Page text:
Maybe we can provide inspiration for smart local transit investments. After all, countless busy lawyers and financiers in New York and politicos in D.C. take public transit every day (as do a few busy people I know in the Minneapolis legal community). If they make it work, we can all make it work.
HIGH QUALITY TRANSIT IS A VIABLE OPTION IN MINNEAPOLIS TODAY
Let’s start with the basics. Roughly 40% of Minneapolis’s residents live in neighborhoods dense enough to support fixed rail transit. The adjacent map shows those Minneapolis neighborhoods with residential density greater than Montreal (11,701 people per square mile) in green, greater than D.C. (9316 people per square mile) in blue, and employment density greater than 9600 per square mile in red. I chose these cities as comparison cities because they both have significant transit systems.
Nearly all these dense Minneapolis neighborhoods are contiguous. The block is about 6.5 miles long (from Holland to Kingfield) and about 3.25 miles wide (from East Isles through Phillips). Because all the neighborhoods are contiguous, Minneapolis could build a mini world class transit system entirely within the already-dense neighborhoods and then gradually lengthen lines as peripheral neighborhoods became dense enough to support transit. This mini transit system might look something like this:
The map above is part of Metro Transit’s existing Hi Frequency bus map. These Hi Frequency buses have reasonably short headways (wait time between vehicles) but can be excruciatingly slow. Yet the Hi Frequency map shows that Metro Transit knows where good transit is needed.
What can we do to improve speed in this dense Minneapolis core? Some might point to the city’s approved streetcar network, which covers much of the same territory as the Hi Frequency system:
But the city and Metro Transit have indicated that our streetcars will operate within personal automobile traffic (the Midtown Corridor streetcar will be an exception if it is built). Therefore, any discussion about how to improve streetcar timing applies to our current bus network and vice versa.
So why not push to maximize our current system, even through pilots, before laying track? We could learn a lot, and improve a lot of peoples’ everyday lives, by experimenting with speedy bus corridors.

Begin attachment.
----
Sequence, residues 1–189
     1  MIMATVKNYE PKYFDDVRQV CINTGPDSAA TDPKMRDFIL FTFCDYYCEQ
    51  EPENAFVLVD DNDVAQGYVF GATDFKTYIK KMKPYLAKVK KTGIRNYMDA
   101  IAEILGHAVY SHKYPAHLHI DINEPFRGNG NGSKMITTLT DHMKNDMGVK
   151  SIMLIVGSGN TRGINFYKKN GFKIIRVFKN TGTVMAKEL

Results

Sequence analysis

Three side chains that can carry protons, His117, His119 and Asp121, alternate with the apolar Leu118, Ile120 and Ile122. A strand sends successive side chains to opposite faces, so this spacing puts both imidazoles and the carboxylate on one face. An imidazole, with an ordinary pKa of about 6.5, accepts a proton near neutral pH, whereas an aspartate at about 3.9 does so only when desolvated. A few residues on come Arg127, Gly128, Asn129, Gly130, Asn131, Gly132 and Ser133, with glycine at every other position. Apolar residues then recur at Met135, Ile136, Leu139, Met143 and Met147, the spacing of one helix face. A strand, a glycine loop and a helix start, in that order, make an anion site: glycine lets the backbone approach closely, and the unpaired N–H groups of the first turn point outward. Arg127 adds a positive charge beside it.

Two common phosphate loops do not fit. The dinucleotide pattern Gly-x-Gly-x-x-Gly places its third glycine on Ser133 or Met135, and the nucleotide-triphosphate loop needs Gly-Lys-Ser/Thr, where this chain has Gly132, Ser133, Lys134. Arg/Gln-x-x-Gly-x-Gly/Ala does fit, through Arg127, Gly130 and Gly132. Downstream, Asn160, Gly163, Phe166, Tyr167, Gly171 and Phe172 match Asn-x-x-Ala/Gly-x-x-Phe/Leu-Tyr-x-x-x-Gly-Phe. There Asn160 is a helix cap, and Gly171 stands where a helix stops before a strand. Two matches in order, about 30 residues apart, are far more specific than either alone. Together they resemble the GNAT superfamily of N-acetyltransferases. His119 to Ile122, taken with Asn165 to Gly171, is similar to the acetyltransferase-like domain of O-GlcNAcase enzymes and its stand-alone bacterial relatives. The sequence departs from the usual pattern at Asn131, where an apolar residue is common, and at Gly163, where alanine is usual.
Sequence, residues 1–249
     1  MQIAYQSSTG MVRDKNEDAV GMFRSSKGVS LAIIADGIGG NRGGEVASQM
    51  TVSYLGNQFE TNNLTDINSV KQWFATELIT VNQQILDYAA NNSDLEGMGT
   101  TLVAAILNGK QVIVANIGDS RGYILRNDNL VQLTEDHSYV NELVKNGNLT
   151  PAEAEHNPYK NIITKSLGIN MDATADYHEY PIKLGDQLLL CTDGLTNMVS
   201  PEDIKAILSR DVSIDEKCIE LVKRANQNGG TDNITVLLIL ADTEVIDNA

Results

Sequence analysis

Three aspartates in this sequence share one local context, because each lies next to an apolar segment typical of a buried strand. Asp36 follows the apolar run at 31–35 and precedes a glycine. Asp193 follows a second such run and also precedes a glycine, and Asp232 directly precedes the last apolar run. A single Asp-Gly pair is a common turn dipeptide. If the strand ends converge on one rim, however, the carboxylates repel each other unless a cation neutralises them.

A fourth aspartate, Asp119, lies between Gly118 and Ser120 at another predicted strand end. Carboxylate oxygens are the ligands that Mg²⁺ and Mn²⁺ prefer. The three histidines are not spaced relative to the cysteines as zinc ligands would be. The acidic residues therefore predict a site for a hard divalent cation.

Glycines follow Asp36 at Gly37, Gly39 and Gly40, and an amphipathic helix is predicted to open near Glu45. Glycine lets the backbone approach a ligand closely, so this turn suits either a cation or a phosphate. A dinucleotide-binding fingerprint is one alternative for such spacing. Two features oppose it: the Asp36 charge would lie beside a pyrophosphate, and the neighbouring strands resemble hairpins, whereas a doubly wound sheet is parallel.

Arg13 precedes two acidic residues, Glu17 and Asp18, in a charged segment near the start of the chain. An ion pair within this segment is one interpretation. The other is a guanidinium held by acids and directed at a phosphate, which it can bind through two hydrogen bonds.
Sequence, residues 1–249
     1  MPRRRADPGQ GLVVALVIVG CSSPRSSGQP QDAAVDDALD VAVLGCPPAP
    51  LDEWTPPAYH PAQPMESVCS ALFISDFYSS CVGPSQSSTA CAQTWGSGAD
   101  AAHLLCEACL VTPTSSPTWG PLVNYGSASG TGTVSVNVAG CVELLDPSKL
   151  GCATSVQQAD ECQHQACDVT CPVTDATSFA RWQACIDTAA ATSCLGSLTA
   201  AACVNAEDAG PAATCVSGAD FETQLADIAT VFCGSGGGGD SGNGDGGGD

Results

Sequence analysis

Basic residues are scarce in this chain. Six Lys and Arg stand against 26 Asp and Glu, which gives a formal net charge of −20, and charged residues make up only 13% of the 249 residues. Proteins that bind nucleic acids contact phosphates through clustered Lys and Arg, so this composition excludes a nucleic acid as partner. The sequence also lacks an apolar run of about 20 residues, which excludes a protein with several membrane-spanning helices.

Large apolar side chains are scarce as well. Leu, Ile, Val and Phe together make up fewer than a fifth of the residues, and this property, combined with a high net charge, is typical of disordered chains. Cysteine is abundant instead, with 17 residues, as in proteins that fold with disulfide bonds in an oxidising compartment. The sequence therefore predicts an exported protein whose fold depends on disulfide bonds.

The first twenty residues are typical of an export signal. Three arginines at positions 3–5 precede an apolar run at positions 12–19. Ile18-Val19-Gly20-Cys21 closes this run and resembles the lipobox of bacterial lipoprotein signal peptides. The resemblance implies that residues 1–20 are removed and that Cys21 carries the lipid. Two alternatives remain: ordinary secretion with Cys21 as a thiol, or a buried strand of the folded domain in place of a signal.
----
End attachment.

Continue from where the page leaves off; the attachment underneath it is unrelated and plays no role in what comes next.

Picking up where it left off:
EXAMPLE LINE: THE #18 BUS
The #18 bus, which primarily runs along Nicollet Avenue South and Nicollet Mall in Minneapolis, provides a nice case study for reliable yet inefficient service and for opportunities to fix these inefficiencies. Much of the #18’s route is part of Minneapolis’s first planned streetcar line.
According to Metro Transit’s own information about the #18 bus, it should take anywhere from 27 to 47 minutes to get from 38th Street to 4th Street if the bus is running on time (details in footnote ). According to Google Maps, it takes 13 minutes to drive from 38th and Nicollet to 4th and Nicollet on city streets.
WHY THE #18 IS SO SLOW
The #18’s timing woes are the result of many factors. Most can be classified into three general categories: (1) necessary delay, (2) delay that occurs due to the transit system’s priorities, and (3) delay that results due to prioritization of other modes of transportation (some causes of delay, such as requiring that riders pay fares on the bus instead of at the stop, do not neatly fall into one of these categories).
First, buses necessarily travel slower than other vehicles because they must take time to slow down as they approach a stop, must stay stationary to pick up passengers, and must take time to get back up to speed. This delay can be mitigated if buses are given their own lane.
Second, Metro Transit has determined that the #18 should stop nearly every block for much of the route. The agency believes this will serve more users and more types of users.
Finally, other factors explicitly prioritize cars over buses. Those factors with the most impact include requiring buses to lose time pulling in and out of traffic at stops and timing lights for cars instead of giving buses signal priority or preemption.
On routes where personal automobile traffic counts are magnitudes higher than bus ridership, these last factors may be logical from an efficiency standpoint, although the traffic counts and ridership numbers are influenced by the relative efficiencies of the respective systems. Commute figures on Nicollet, however, are not magnitudes apart.
Vehicle counts on Nicollet Avenue between 25th and 26th Streets are 9106 per day. Assuming 78% of vehicles are single occupancy (Minnesota’s average) and assuming 2.5 people in the remaining 22% of vehicles (this number is a guess), total car ridership at that point on Nicollet is about 11,500 per day.
Daily bus ridership on the full #18 route was 10,949 in 2010. It appears reasonable to assume that well more than half the #18’s rides traverse part of the route between 38th and 4th – anecdotally the bus is most crowded between Lake and 7th Street in Downtown, and the boarding map on page 93 of this Metro Transit technical memorandum shows the route’s heaviest boarding between downtown and Lake Street.
These numbers do not provide an apples-to-apples comparison because they contrast route-wide boarding data with traffic counts at a specific place. However, the figures provide enough information to show that the number of people traveling by car along Nicollet do not vastly outnumber bus patrons along the route. Notably, car passenger and bus ridership numbers are similar magnitudes even though the #18 is anywhere from 2 to 4 times slower than a private car on Nicollet.
Car travel from one point to another on Nicollet is more than twice as fast as the bus in part because those factors that explicitly prioritize cars over buses – placing buses in car traffic, making buses pull over to stops, and timing traffic lights for car speeds – are all in place for much of the route. Yet even on Nicollet Mall in downtown, where the city prohibits private automobile use, signal priority remains non-existent. In addition, private automobiles on cross streets are constantly blocking the intersection when buses have a green light. Although this “blocking the box” is a violation under state law that earns box blockers a $128 ticket, I have never seen someone ticketed for this offense in downtown.